Cooling systems made from metal muscles that tense and flex

Anthony Capkun
February 02, 2016
By
Marvin Schmidt and Johannes Ullrich from the research team headed by professors Andreas Schütze and Stefan Seelecke are working on developing an environmentally sustainable and resource-friendly cooling method. Photo Oliver Dietze.
Marvin Schmidt and Johannes Ullrich from the research team headed by professors Andreas Schütze and Stefan Seelecke are working on developing an environmentally sustainable and resource-friendly cooling method. Photo Oliver Dietze.
February 2, 2016 - Researchers are developing a new method of cooling in which heat and cold are transferred using ‘muscles’ made from a ‘shape memory alloy’, with the aim of achieving a cooling process that does not require climatically harmful refrigerants, and should consume less energy than current technologies.

“In our systems, shape memory alloys [SMAs] are used to remove heat,” explained Stefan Seelecke of Saarland University. “Shape memory means that wires or sheets made from a nickel-titanium alloy have a certain ability to remember their original shape [...] So they are able to tense and flex like muscles. The fact that they absorb and release heat when they do so is something we exploit to achieve cooling.”

When a nickel-titanium wire or sheet is deformed or pulled in tension, the crystal lattice structure can change, creating strain within the material. This change in the crystal structure—known as a phase transition—causes the SMA to become hotter. When the stressed sample is allowed to relax after temperature equalization with the environment, it undergoes cooling to a temperature about 20 degrees below ambient.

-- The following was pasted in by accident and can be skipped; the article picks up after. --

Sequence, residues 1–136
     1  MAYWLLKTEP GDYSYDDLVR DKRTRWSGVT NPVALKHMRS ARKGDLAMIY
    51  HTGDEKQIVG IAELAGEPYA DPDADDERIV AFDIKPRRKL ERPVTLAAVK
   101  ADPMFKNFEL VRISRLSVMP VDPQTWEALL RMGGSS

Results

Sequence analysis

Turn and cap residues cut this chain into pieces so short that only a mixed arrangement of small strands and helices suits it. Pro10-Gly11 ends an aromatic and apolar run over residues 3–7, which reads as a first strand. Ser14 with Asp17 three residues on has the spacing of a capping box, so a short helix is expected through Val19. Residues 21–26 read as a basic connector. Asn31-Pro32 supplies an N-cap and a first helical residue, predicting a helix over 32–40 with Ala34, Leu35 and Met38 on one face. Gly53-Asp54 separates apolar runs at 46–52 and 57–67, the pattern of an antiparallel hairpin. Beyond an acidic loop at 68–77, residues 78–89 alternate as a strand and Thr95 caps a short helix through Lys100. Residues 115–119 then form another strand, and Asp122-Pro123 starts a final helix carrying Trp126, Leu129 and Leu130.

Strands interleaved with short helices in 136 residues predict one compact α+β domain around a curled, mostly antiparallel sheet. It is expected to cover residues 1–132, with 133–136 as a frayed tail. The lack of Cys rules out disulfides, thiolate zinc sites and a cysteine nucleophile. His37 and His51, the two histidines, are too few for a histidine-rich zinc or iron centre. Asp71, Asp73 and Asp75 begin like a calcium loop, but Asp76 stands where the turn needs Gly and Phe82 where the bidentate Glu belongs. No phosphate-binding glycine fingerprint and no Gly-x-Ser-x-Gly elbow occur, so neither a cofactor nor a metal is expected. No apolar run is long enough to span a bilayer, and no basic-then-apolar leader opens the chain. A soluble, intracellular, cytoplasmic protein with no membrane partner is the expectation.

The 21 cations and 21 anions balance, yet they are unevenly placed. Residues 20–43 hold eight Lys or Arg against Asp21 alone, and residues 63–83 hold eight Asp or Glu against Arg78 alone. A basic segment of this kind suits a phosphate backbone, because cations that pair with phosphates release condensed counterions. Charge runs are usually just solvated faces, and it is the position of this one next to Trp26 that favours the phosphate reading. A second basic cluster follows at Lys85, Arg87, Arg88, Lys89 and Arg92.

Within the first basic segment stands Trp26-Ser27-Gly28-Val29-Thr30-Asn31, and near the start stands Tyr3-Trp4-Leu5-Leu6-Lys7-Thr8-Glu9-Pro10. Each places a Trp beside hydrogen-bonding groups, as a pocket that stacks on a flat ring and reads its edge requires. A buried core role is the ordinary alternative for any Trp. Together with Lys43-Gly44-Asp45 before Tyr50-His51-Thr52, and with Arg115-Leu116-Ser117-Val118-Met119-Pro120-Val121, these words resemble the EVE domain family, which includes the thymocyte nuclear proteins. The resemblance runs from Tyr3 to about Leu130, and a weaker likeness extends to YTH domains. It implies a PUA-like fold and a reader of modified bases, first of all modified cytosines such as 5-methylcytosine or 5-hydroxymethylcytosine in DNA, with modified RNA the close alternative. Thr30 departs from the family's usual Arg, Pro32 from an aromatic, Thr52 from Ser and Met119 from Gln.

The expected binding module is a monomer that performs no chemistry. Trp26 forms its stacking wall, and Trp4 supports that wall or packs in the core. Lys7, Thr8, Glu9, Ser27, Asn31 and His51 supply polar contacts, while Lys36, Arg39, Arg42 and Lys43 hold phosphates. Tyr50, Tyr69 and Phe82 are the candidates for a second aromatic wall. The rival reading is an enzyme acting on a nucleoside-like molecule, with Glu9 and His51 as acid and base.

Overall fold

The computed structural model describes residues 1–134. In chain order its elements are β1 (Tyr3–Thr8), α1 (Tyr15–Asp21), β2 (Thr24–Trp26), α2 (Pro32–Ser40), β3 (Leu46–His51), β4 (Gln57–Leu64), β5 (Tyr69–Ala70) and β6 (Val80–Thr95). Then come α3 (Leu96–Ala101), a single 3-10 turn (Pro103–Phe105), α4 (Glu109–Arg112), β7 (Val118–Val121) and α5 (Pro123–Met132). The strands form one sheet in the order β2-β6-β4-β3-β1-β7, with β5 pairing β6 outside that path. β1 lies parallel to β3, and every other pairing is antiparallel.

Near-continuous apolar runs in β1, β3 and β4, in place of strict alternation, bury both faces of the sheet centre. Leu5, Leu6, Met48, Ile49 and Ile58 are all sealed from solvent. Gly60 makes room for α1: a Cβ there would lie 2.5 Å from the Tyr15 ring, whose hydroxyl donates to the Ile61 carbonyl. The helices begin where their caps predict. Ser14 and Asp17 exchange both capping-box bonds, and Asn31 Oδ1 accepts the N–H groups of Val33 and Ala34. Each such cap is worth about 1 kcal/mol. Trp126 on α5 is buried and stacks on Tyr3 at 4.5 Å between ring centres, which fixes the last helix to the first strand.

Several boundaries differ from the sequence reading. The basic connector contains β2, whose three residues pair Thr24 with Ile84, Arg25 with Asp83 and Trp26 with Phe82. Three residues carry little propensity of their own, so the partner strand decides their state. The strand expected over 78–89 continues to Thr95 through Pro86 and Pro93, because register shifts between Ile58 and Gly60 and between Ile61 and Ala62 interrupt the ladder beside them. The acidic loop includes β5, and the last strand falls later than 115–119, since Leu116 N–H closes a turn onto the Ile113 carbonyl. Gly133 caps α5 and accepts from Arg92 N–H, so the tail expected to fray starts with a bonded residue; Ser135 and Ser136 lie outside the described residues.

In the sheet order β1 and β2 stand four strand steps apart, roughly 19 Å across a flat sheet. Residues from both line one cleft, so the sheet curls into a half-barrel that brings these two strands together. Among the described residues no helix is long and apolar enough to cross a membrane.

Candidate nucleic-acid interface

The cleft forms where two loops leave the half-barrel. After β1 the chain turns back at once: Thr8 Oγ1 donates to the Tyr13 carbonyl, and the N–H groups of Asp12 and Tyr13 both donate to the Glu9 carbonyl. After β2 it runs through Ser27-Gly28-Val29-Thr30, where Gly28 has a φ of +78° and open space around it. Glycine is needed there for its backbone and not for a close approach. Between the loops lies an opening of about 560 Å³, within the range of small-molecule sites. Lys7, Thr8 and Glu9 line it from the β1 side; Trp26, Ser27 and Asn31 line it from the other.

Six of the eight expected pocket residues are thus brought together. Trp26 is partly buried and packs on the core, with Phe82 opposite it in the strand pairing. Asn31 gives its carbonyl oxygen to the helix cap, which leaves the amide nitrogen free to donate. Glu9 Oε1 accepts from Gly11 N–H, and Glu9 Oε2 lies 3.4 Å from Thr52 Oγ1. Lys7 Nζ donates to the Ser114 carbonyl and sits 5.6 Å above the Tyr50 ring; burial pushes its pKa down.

“The basic idea was to remove heat from a space—like the interior of a refrigerator—by allowing a pre-stressed, super-elastic shape memory material to relax and, thus, cool significantly. The heat taken up in this process is then released externally to the surroundings. The SMA is then re-stressed in the surroundings, thereby raising its temperature, before the cycle begins again,” said Seelecke.

PHOTO: Marvin Schmidt and Johannes Ullrich from the research team headed by professors Andreas Schütze and Stefan Seelecke are working on developing an environmentally sustainable and resource-friendly cooling method. Photo Oliver Dietze.

Add comment


Security code
Refresh

Subscription Centre

 
New Subscription
 
Already a Subscriber
 
Customer Service
 
Current Issue

Most Popular

We are using cookies to give you the best experience on our website. By continuing to use the site, you agree to the use of cookies. To find out more, read our Privacy Policy.